Chapter Four: The Odalisque

     Dear Reader I do not know . . . cannot conceal the roots of this . . . madness any longer.  For she haunts me.  The Odalisque is a riddle, a haunting riddle. I do not know the answer, but I fear it will be my end.
     Tonight as I wandered the halls restlessly, pacing the halls that do not go anywhere, the Odalisque turned to blood.  It was there, on the walls, that the blood began to colour the skin of Lynoria; and her eyes!  Her eyes began to veritably glow, gelid green in the portrait!
     It is all too horrible, but I fear my isolation has bred madness, and so now I wander, and I only wander the upper floors, or the garden, overgrown with myrtle and weeds.
     And I think of last night and how he smiled.  No, I do not think he knew . . . and yet . . . I long to find him.
     I asked the driver last night if he knew what had become of the composer and pianist Stephane G., and he said, well, not much did he say except that once (he was not obliged to say so for the sake of propriety, but . . .), he told me some interesting information about one of his brothers, a Leon, and where he could perhaps be found.
     “But it’s not place for a lady,” he added.
     But why? (The driver did not say more.) What was all this mystery?
     That night, before the grim apparition of Lynoria, I slept. I slept, but fitfully.  Lynoria . . . she rose from a grave of water, pointing her finger at me, pointing a bone-white finger at Stephane, who kneeled before her.  I screamed. He could not hear me.  I screamed his name aloud and he looked up, maybe once, but with blind eyes.
     I woke up cold and in tears. What could this mean?
     It was after this the Odalisque haunted my brain. I never forgot its image . . .
     That very same day I called for the ancient coach, asked the driver to take me into town. I needed air. I needed and wanted to escape. He nodded.
     “Such a beautiful young lady cooped up in a big house . . .” he smiled and bowed.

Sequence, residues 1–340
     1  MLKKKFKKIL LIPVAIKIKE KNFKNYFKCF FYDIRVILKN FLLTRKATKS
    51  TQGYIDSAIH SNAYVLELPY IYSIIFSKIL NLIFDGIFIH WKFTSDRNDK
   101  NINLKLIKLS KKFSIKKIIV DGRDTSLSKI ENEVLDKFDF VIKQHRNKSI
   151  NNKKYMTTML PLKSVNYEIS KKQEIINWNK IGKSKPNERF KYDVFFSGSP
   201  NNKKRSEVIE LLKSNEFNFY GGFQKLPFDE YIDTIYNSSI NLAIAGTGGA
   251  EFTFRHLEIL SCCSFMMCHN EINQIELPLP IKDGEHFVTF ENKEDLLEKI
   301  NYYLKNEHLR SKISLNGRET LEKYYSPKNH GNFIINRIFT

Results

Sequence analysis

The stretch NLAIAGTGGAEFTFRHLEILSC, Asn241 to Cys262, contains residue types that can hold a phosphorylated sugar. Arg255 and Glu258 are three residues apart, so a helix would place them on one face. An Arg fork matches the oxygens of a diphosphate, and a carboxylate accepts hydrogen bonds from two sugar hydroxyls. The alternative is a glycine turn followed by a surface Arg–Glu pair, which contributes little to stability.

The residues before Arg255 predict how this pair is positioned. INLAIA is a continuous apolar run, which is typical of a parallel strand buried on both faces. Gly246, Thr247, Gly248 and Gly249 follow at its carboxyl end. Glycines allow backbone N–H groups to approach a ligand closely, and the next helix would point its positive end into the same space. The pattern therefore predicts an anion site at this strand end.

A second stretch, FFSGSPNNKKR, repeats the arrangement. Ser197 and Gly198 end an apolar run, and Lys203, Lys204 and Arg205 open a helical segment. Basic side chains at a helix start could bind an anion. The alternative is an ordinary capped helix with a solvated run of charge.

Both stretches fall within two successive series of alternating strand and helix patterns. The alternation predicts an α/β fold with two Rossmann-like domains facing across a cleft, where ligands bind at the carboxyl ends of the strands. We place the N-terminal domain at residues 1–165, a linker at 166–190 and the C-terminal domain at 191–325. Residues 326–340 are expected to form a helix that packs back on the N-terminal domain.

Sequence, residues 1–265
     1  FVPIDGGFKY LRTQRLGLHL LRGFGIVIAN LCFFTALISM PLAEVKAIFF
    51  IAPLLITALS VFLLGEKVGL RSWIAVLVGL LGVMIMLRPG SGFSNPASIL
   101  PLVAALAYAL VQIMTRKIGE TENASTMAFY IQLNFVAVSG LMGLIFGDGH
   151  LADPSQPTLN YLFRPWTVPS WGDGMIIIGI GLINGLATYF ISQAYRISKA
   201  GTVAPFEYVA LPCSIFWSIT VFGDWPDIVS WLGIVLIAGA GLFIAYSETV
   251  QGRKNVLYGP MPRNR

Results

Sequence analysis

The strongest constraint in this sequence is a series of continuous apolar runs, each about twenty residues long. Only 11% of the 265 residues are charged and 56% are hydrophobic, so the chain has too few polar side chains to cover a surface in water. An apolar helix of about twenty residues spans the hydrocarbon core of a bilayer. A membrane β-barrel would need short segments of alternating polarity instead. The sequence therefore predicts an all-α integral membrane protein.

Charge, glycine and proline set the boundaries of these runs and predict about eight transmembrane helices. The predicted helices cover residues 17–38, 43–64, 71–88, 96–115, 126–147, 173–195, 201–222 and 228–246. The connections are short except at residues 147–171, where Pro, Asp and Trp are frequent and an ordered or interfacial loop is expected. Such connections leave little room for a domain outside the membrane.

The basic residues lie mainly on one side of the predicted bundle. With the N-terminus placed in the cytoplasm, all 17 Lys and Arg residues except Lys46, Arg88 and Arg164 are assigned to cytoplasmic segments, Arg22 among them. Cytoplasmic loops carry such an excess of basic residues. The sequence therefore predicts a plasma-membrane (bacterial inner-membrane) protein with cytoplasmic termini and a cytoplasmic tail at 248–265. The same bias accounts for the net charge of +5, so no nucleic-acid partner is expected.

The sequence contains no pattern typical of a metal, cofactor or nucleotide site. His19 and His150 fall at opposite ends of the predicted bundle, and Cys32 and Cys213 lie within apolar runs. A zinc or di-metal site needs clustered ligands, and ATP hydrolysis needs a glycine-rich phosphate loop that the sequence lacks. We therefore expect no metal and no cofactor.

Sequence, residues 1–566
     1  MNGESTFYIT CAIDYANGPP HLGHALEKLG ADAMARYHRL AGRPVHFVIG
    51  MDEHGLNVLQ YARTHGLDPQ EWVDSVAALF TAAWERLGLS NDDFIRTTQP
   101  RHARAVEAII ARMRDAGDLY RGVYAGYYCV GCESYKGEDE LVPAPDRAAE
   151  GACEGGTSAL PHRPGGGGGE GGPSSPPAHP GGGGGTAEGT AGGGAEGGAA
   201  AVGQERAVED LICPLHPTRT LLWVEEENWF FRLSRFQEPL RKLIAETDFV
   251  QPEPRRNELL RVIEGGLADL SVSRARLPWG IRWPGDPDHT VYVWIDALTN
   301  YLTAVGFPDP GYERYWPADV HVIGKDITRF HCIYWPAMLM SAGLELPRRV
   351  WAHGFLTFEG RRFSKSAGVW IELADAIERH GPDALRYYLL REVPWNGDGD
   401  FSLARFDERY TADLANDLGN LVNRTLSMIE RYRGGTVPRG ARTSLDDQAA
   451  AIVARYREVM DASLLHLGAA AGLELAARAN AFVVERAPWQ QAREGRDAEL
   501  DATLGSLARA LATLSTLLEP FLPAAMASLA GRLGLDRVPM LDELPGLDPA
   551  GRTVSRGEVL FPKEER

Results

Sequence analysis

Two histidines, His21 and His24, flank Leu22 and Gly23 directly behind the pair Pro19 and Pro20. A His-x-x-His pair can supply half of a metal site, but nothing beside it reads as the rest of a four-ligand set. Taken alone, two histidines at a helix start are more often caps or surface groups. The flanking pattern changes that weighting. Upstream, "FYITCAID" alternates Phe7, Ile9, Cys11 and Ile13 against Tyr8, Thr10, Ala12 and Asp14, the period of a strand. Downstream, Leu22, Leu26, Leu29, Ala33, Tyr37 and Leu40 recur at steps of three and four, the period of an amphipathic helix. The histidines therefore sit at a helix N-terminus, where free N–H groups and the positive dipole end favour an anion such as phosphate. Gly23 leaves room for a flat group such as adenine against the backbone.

I smiled faintly, and ordered him to take me out, anywhere, anywhere, be it just a few moments or hours on end.
     “Let us go,” I whispered.
     And so it was I began a new adventure. I learned to appreciate some semblance of life again, and began to wonder as well, if I should see Stephane again, among my travels.
     “Cylois,” I said, gently, “I want to ask you something, I must beg of you a favour, but it must remain unspoken of.”
     “Pardon, Miss Elvira.”
     “I would like you to drop me off at the next corner and come back at midnight . . .”
     “But Miss, that is so dangerous, a dangerous . . . such an unsafe location, I cannot let . . .”
     “It is my request. Let me out, please.”
     Hesitantly, he opened the carriage door and bowed reluctantly. Hesitantly, and quite puzzled, he whipped Ahab and Amar and left me standing there.
     I do not listen to warning bells.
     I took a few steps, slowly. One, then two . . . three . . . slow as a careful cat.  Like the black cat pictured on the poster of this old tavern — Chat Noir.  The House of the Black Cat.  A shiver ran through me.  A man there tipped his hat, but his smile was malicious, and he looked at me, ever – so – oddly.
     Smoky air seemed to hide most of the faces there, and, what faces they were.  Reclined, or on a scarlet chaise, the women glared at me between their seeming conversations; one turned and laughed openly while she patted an ugly little man on the head who walked with a cane.  A dark-skinned pianist, with great white eyes, played sensuously, a strange new music with a discordant beat.  He seemed not to see anything and only played, his eyes rolled up in their sockets.
     I looked around.
     There were women in gilded dresses like cages.  Like lost exotic birds.  I turned around as a man glanced at me wickedly.  He had sharp teeth and pale blue eyes, like the colour of faded topaz.  As he stared at me, I stumbled and looked away.  Nobody seemed to notice.  I made my way up a silver Rococo balustrade, to where a great curtain was.  Parting it, I heard murmurs behind the walls. A small black cat meowed and hissed at me.
     Some of the rooms were open.  It was very near improper of me, even in this place, but I looked.  A great beauty with locks of red hair glanced lazily at me while a handsome man sat next to her.  His eyes were closed and the fumes of some noxious toxin permeated the air, made me dizzy. Next room, twins with black hair, caressing a young man and kissing him.
     I moved on . . .